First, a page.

effectively we've increased the value of a rival good, but not changed
it into a network good  l Metcalfe.

Can we get to the other extreme, constant marginal cost below average
value?  If we're talking about communication networks among humans,
no.  Social contact of positive value requires time bounded below on
the order of a second or so (however long it takes to perceive your
baby's smile), and there are only a finite number of seconds available
to each of us.

However, anonymous networks (eg, markets) or machine-mediated
communication (sorry, no examples---that's Tom's job! ;-) might come
pretty close, at least up to population levels feasible for humans on
this planet.

I think the jury's out on just how far Metcalfe's Law can extend its
domain---but the financial markets are a pretty compelling example for
"hey, this really does work sometimes!"

Note that a market is a pretty trivial network topology (star).  But
then, the basic property of the Internet that these laws depend on is
that it turns Life, the Universe, and Everything into a star topology.

    Ben> You've just counted connections and assumed that they all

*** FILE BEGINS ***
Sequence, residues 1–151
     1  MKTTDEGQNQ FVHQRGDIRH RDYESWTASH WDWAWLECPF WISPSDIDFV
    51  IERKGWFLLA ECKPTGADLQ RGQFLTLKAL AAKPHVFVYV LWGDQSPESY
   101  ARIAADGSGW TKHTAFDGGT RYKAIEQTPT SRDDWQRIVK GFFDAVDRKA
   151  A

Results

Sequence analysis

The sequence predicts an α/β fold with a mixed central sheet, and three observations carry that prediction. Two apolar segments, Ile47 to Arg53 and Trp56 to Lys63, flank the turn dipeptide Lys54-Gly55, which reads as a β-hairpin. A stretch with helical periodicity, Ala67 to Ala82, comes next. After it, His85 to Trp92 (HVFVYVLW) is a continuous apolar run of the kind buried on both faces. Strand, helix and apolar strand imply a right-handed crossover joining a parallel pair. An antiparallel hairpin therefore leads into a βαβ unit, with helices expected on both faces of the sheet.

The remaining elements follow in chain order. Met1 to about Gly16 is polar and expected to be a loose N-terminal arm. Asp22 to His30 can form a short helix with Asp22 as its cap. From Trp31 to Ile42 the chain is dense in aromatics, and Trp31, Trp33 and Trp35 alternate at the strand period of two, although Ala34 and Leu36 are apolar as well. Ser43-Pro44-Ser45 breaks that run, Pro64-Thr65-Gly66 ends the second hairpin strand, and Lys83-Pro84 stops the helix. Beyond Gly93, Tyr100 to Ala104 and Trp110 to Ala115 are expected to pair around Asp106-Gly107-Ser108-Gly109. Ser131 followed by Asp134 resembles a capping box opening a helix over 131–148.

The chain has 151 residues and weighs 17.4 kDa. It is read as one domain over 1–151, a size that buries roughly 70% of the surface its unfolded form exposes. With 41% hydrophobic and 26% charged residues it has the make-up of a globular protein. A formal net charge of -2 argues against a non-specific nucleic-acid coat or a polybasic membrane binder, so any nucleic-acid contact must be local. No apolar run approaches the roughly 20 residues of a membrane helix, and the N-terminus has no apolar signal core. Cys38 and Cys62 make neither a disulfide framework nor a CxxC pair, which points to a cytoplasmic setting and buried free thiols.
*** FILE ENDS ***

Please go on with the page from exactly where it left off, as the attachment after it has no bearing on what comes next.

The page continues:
Ben> have equal value.  But that assumption flatly contradicts
    Ben> observations of how people really network in social
    Ben> situations.

First, it's not an assumption of equal value, really.  It's an
assumption of equal expected value per connection, independent of the
number of connections.  Apply Law of Large Numbers, live Metcalvian
ever after.

Second, consider Mr. Lynch's problem.  Have you ever watched a
headhunter network a LUG meeting? ;-)  If such people (excuse the
exaggeration) are a constant fraction of the population, whammer
jammer, Metcalfe's Law!  (In the long run, nobody else will matter if
they obey Metcalfe's Law---their Metcalfe value is a lower bound on
social value.)

Third, remember that many participants in networks are not people,
they are firms.  To the extent that a firm can have a bounded labor
force with the additional costs of networking borne by capital, a
network of firms (or capital-enhanced humans, for that matter) could
exhibit rather different networking behavior.  (Then again, maybe they
wouldn't.  That was Jamie Zawinski's point about groupware.)

    Ben>  And Google's power derives from the fact that good searching
    Ben> allows people to come closer to perfectly extracting the
    Ben> value of being on the network.

Uh, what are you trying to say here?  I think it's arguable that
Google increases the size of the network in some sense; I'd like to